Posts Tagged ‘Reflection’
I am in my 11th year of teaching now. Where did the time go? One of the top search results that sends people to this blog is “First Year Teacher” so I thought that the beginning of a new school year would be a great time for something like this. I’m sure there are tons of other things that first year teachers should know, but here are a handful of tips.
- Learn from the wisdom of others
- Avoid gossip
- Work diligently
- Leave room for a personal life
- Live on less than you earn
- Students are a reflection of their parents
- Students are a reflection of their teacher
- Persistent problems are usually caused by something you are doing/allowing/omitting/forgetting
- Find a
I started this blog more than five years ago. I have now come to the conclusion of my 10th year of teaching. It strikes me that there is a lot of information contained in here (especially in the older articles) that is just flat out wrong, misleading, or easily misunderstood. In the upcoming weeks and months, I aim to readdress some of those same issues from my new, far more patient and friendly mindset. At the same time, there are some core beliefs I held to in those early days that are ever strong in me and I want to really bring those out as well.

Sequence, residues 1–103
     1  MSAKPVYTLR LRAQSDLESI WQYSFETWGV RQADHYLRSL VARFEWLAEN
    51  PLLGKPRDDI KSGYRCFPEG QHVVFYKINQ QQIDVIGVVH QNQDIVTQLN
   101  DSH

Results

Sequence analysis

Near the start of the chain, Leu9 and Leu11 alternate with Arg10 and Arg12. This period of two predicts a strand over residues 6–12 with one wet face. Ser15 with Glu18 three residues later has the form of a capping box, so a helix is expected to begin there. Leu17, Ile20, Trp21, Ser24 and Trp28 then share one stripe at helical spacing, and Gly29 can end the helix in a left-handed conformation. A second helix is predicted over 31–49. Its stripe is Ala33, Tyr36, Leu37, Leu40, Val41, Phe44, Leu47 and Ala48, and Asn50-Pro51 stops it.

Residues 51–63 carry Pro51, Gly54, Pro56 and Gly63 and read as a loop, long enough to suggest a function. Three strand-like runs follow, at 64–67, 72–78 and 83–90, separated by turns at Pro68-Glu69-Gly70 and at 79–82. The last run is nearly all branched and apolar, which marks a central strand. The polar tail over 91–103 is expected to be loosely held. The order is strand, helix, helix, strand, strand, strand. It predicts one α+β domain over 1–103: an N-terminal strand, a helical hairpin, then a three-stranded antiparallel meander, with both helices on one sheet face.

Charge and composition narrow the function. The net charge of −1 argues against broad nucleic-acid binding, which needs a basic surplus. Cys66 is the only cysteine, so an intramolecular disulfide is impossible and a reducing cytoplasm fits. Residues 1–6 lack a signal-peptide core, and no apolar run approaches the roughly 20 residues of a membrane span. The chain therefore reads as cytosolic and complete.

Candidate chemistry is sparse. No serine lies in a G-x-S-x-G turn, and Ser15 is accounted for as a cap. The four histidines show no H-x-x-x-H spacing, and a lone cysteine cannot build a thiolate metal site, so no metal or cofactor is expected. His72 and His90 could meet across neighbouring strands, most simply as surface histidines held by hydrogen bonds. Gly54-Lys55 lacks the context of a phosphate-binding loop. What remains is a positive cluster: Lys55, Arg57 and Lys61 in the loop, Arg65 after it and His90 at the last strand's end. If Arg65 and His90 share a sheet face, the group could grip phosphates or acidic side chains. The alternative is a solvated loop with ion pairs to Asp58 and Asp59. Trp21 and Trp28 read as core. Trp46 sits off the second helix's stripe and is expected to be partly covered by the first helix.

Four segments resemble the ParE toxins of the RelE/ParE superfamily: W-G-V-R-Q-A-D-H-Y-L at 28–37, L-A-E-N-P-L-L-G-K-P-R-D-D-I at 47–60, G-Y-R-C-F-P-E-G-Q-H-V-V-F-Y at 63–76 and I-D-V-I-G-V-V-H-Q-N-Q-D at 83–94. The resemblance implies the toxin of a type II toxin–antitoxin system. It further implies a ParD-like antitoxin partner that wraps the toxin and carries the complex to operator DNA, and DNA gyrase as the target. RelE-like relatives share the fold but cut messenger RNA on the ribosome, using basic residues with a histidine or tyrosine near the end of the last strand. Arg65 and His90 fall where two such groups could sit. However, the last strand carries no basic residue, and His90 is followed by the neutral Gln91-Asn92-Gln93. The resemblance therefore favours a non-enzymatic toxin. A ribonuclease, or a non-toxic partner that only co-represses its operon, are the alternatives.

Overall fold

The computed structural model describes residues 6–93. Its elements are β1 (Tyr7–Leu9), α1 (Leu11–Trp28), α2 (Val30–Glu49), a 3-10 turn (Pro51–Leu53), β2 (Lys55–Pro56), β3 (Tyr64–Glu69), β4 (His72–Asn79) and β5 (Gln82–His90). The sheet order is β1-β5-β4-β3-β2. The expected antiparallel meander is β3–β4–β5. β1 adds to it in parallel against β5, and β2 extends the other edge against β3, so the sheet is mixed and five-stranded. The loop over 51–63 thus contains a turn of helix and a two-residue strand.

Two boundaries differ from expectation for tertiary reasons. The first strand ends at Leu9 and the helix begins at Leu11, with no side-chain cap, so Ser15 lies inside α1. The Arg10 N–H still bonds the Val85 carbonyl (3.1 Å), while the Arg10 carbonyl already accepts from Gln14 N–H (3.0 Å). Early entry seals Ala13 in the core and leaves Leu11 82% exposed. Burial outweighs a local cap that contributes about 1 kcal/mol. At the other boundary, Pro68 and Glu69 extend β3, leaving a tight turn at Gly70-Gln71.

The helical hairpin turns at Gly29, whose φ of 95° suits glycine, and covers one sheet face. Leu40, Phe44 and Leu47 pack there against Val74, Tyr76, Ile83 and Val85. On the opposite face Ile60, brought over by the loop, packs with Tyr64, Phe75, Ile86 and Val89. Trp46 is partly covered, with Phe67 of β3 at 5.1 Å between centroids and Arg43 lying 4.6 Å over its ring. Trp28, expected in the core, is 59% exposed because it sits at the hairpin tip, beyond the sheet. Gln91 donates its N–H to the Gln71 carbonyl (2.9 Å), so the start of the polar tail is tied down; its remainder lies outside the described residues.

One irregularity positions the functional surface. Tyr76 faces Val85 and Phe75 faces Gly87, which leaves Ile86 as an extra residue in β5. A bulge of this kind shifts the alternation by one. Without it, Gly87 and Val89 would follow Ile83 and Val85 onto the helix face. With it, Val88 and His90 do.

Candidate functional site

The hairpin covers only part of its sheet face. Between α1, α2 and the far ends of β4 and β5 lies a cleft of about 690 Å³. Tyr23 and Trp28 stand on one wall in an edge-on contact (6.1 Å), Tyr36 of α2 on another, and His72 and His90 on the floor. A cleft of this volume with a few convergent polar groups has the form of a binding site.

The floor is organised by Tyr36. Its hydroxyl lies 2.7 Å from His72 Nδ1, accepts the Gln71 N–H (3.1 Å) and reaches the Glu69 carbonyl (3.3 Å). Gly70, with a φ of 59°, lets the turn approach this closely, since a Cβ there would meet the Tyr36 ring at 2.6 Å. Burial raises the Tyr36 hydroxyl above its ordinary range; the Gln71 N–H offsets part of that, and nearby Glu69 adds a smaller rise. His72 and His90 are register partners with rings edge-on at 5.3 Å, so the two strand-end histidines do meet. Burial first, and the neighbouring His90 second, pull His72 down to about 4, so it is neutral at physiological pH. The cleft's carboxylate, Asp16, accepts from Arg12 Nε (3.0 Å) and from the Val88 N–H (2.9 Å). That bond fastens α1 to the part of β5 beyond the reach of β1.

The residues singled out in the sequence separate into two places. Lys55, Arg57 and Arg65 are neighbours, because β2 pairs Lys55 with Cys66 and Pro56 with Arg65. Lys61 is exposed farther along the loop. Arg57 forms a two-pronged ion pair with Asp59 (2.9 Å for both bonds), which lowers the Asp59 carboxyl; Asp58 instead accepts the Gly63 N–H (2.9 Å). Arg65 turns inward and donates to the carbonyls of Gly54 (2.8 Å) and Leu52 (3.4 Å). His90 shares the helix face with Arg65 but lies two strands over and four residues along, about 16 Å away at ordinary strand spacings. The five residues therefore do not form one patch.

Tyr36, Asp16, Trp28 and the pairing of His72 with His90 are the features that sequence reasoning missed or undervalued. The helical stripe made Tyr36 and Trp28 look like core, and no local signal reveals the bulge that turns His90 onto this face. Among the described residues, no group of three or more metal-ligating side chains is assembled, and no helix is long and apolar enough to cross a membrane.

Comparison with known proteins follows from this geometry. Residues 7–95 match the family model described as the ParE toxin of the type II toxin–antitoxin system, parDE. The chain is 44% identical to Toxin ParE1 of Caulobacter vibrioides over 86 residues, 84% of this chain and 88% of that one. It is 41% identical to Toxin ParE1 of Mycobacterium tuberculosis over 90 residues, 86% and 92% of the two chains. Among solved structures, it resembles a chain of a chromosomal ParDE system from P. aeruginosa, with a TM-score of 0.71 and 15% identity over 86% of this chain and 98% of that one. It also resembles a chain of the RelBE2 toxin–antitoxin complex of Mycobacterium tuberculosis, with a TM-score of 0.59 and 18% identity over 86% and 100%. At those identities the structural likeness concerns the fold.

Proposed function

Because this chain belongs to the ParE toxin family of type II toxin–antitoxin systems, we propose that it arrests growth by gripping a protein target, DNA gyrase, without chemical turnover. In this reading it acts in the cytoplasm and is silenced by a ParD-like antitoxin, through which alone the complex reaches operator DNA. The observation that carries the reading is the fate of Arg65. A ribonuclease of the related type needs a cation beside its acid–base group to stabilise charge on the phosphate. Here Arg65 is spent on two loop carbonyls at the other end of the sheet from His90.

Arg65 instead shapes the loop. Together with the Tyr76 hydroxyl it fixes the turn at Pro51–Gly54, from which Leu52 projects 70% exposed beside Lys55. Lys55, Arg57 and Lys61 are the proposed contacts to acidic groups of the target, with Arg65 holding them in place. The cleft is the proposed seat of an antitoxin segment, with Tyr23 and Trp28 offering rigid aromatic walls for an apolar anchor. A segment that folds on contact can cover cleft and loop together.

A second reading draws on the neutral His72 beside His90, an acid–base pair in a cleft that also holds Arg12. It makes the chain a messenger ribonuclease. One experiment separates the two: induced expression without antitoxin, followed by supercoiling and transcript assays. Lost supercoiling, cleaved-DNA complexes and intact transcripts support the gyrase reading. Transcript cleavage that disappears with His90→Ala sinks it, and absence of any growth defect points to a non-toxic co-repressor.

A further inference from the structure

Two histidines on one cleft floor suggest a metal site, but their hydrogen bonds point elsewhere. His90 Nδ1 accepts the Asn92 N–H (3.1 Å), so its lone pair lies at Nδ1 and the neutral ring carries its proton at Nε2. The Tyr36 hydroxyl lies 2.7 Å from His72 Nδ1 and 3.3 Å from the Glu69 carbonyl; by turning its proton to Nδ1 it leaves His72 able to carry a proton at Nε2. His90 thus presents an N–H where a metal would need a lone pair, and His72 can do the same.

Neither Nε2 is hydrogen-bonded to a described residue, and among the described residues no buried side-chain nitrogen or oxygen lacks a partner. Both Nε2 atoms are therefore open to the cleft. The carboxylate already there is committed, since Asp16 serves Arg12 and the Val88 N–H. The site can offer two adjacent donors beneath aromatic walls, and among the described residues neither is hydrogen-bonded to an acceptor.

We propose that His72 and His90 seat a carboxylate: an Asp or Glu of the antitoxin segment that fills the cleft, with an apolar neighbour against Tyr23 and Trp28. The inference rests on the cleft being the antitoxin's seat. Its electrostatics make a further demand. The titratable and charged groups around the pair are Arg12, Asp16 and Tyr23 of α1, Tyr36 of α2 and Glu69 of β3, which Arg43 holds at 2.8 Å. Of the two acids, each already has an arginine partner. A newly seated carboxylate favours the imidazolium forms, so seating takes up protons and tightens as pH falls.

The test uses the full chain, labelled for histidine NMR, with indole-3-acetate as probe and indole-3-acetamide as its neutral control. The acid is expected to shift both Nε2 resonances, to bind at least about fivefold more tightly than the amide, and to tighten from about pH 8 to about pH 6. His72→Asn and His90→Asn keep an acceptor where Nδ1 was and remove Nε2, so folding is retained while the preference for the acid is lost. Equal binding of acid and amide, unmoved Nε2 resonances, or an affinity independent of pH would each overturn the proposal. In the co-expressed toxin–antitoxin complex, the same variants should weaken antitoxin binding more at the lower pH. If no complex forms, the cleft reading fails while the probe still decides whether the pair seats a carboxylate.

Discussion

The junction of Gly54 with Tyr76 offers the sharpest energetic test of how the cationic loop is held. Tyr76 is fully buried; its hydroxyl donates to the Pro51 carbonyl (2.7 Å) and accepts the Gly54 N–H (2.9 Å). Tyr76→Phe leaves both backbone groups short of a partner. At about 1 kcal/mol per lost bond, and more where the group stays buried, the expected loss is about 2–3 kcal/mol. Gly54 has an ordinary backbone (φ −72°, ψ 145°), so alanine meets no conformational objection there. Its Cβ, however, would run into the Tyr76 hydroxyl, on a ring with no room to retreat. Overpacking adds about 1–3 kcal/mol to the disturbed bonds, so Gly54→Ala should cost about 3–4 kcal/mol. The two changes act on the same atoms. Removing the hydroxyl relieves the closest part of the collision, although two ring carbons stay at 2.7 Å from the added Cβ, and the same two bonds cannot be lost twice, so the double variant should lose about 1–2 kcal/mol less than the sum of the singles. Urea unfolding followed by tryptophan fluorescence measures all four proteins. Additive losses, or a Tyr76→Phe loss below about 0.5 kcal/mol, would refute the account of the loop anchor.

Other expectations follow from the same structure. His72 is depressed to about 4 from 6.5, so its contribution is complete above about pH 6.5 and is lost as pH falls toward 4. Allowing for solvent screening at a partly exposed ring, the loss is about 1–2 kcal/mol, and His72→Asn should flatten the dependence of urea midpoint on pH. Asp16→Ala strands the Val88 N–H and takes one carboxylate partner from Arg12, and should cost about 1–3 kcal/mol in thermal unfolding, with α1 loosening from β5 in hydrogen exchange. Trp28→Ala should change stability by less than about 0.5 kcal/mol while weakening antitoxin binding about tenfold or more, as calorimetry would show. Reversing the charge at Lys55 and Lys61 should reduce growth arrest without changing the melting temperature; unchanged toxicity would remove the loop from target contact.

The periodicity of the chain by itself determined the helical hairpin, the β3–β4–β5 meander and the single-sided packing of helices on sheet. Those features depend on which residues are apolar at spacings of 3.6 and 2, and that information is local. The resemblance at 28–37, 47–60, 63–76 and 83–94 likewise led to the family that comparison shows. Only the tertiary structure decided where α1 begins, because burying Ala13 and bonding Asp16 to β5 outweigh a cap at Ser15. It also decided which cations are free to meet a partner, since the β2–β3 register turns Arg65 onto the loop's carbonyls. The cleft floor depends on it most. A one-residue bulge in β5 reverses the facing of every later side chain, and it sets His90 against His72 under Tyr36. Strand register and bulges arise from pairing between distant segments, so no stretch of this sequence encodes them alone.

Over the last two school years, I have been in a situation where I ...
A reader writes:
I’m currently student teaching. I’m very passionate about music and music education. A couple of years ago I felt a sudden terror when I recognized I was nowhere close to ready to be a successful teacher, and I started delving into as much material as I could and doing whatever else I could (camps, etc) to get ready. Your blog was one of the first good, free resources I found, and I’ve been reading ever since. So first, thank you for your contributions.
This past summer I had a friend start a music blog, and I thought, “Wow, that’s a great idea.” I love to write, especially in reflection and with the goal of learning from my ...
This is the second in a series of articles entitled 5 Habits of Highly Effective Teachers.
The procedures that you lay out in the classroom are the most outwardly evident procedures that you have in place. For this reason, they are key elements of your overall classroom management plan. Much of the procedures really depend on the age-group you teach. Since I teach middle school, my procedures are very middle-school oriented. These procedures can be broken up into three categories:
- Beginning of class
- Middle of class
- End of class
Beginning of class
The tone of the entire class is established before the students walk in the door. We’ve all heard the old adage, You never get a second ...